Next comes Davis. He appears to be the most fortunate of this lot of souls. Davis has received the coveted assignment to occupy the fourth and final shell of the Siblings of American Camelot. Like every soul traipsing around this little part of the universe, Davis will have his problems. Everyone, no matter how fortunate, does. However, concerns caused by a lack of resources or uncaring parents will not be among them.
Next in line behind Davis, is Joe, who just missed out on a life full of advantages. When he was further back, Joe suppressed the urge to jump out of line and take a leak because chances looked good for him to land in Hyannis Port. However, when his turn arrived, he was hopping around on one foot only to find he would be put in the care of Clem and Clara Doe. Joe gets to look forward to watching Clem get drunk and take out his frustrations on Clara and the kids. Before Clem leaves the family entirely, he so discourages Joe and his siblings of there being any good in the world, that Joe’s prospects for any type of normalcy are severely diminished.
I was led to this way of thinking about twenty or so years ago, after seeing a homeless man – like our friend Joe – and wondering how close he might have been to receiving a better shell assignment. Any of us could have been Joe. Any of us Davis. I’m thankful to have been Pat.
I’ve tried to resist the urge to want to trade places with anyone. No matter how grand someone else’s life appears, you never know what they’re dealing with, or what problems they may have beneath the surface. I know my problems and can deal them, and I’m not willing to trade the two hundred bucks handed to me by Monty Hall (now, Wayne Brady) for what’s behind Door Number 1. Whether my two hundred bucks looks to others like fifty cents or million bucks, there’s nothing I would trade it for.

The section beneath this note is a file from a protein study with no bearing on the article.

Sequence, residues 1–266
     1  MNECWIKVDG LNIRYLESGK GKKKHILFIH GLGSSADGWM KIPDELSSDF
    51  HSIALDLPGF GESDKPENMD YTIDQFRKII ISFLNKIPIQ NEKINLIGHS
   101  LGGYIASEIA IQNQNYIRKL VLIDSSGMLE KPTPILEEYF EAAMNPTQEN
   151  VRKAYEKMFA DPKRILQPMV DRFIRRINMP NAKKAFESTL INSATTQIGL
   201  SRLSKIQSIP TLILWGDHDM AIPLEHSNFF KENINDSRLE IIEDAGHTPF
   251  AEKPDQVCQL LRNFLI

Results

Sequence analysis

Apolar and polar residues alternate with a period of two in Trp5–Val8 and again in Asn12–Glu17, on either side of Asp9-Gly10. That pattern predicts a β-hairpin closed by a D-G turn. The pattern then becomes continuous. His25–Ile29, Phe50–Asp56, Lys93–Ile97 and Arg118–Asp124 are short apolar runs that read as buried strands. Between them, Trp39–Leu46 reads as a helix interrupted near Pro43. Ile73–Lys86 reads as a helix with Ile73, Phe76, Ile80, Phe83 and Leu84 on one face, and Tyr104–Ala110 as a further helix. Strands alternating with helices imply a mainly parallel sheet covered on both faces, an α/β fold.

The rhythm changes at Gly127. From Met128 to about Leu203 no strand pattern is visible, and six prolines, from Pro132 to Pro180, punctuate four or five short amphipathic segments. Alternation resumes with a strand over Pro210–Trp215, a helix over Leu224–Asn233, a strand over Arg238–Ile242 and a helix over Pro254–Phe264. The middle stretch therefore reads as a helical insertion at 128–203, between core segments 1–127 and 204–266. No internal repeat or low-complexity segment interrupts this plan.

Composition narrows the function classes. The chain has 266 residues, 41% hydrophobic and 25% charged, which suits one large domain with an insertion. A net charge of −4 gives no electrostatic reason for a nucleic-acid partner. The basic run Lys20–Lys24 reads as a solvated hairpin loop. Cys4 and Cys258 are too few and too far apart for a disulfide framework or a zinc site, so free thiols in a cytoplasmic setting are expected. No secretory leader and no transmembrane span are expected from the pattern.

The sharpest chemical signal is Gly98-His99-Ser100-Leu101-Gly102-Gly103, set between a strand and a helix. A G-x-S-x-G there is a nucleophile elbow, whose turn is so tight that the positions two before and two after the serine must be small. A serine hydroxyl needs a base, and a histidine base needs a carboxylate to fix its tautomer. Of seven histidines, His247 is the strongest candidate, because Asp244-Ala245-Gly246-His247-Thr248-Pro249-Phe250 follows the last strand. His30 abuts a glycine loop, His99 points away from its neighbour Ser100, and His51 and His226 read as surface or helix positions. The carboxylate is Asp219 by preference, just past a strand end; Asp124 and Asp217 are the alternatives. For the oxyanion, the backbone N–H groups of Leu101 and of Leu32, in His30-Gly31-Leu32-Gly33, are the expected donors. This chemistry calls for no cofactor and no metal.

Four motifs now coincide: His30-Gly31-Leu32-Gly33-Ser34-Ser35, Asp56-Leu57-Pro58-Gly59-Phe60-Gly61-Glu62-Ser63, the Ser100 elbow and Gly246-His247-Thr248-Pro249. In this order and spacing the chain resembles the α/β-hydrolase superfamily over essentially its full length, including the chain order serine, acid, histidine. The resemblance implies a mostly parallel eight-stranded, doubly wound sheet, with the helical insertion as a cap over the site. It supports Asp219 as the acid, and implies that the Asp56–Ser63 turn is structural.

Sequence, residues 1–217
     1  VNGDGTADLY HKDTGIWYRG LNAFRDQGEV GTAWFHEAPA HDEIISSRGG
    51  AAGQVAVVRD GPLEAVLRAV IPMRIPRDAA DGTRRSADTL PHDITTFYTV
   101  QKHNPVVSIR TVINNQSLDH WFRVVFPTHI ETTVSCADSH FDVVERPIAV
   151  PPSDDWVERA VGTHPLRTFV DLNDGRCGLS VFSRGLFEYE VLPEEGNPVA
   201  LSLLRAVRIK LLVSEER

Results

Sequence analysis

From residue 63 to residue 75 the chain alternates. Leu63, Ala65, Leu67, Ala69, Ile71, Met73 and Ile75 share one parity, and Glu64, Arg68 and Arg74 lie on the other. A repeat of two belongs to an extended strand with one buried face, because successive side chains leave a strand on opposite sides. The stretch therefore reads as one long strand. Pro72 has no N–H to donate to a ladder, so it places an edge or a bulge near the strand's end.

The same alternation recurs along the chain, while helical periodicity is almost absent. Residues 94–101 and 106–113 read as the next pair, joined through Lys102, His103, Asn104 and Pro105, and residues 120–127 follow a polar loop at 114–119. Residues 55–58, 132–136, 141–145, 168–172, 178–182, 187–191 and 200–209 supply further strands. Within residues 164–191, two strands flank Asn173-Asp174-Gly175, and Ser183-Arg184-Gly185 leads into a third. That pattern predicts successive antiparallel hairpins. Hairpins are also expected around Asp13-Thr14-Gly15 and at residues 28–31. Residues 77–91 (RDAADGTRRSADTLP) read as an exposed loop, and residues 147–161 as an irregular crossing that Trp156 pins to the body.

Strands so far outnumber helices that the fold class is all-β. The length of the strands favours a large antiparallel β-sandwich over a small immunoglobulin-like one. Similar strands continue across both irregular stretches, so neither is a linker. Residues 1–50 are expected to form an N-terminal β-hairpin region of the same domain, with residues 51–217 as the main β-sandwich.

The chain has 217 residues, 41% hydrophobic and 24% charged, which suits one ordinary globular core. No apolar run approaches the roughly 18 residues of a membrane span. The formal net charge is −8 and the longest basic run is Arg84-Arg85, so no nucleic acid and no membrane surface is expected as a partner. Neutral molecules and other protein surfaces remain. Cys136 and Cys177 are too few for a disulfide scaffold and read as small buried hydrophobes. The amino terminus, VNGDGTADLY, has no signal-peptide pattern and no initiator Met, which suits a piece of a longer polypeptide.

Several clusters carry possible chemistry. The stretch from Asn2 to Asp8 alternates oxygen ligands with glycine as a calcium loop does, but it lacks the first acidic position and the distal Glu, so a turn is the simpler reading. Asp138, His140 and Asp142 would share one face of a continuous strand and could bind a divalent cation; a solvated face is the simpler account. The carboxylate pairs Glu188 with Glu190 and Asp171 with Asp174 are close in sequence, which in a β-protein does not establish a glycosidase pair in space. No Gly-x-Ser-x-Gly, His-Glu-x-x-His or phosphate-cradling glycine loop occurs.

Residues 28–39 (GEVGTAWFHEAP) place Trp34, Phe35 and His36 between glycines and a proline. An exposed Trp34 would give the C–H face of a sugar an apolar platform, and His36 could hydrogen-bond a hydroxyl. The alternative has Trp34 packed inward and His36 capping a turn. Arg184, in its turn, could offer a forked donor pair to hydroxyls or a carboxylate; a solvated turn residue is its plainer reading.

My point: being born at all – at all – is such an incredible long shot, that every one of us really is incredibly special. You are the result of one little swimmer, beating out about fifty million others to be the first one to the egg and plant his flag. If only one other swimmer got there first, a completely different person is created – not you. I just wish everyone felt as special as they really are, and maybe there wouldn’t be the people in the world acting out in violence and other ways to get attention.
I acknowledge all of this optimism is coming from a guy who, after all, gets to be me. If I were prone to using emogis, here’s where I’d insert a smiley facing, winking. I, like everyone, speak from a certain perspective, a perspective which I’m thankful to occupy. So, I won’t sit here and tell everyone they should cheer up. I can’t see the view from where you sit – but I’ll give it a try if you will.
I don’t often prance about in a poofy white wig and knickerbockers, but when I do, it’s on national television. Facebook, with its “memory” reminders, has cruelly brought to my attention that my fifteen minutes of fame expired four years ago. Season 1, Episode 11 of the Fox television show Sleepy Hollow was my vehicle to stardom. The series was set up as a showcase to catapult me into a career in the insurance industry. Worked perfectly. Those guys really know their stuff.
This was my one and only foray into acting. Hadn’t tried it before. Haven’t tried it since. Thought I’d retire while I’m batting a thousand. While living in the Wilmington, North Carolina area, I answered a call on a Facebook page called the Wilmington Casting Call, fooled them in to choosing me, did the job, and collected the envy-inducing sum of $109, plus free breakfast and lunch. All of those years of experience lounging around my house in a big, poofy wig finally paid off.
Despite their pressuring, I told them I wouldn’t do nudity. So they used a butt double – for my face. What appears to by my face in the photo above, is the makeup-enhanced ass of a ninety-two year old man. I’m thankful for the upgrade.